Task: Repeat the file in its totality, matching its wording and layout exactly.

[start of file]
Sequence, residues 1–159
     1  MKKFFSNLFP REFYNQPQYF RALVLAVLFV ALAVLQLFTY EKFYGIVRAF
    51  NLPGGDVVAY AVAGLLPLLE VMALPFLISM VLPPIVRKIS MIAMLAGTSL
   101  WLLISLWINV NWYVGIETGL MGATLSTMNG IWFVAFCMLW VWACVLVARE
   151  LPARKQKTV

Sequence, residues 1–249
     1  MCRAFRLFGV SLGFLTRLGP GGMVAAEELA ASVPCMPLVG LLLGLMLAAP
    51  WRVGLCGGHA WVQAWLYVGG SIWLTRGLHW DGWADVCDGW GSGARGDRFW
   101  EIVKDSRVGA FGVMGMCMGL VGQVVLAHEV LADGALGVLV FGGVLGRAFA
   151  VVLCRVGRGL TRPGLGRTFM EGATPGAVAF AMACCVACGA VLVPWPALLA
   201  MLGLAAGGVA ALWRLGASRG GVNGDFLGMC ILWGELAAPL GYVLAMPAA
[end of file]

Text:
Sequence, residues 1–159
     1  MKKFFSNLFP REFYNQPQYF RALVLAVLFV ALAVLQLFTY EKFYGIVRAF
    51  NLPGGDVVAY AVAGLLPLLE VMALPFLISM VLPPIVRKIS MIAMLAGTSL
   101  WLLISLWINV NWYVGIETGL MGATLSTMNG IWFVAFCMLW VWACVLVARE
   151  LPARKQKTV

Sequence, residues 1–249
     1  MCRAFRLFGV SLGFLTRLGP GGMVAAEELA ASVPCMPLVG LLLGLMLAAP
    51  WRVGLCGGHA WVQAWLYVGG SIWLTRGLHW DGWADVCDGW GSGARGDRFW
   101  EIVKDSRVGA FGVMGMCMGL VGQVVLAHEV LADGALGVLV FGGVLGRAFA
   151  VVLCRVGRGL TRPGLGRTFM EGATPGAVAF AMACCVACGA VLVPWPALLA
   201  MLGLAAGGVA ALWRLGASRG GVNGDFLGMC ILWGELAAPL GYVLAMPAA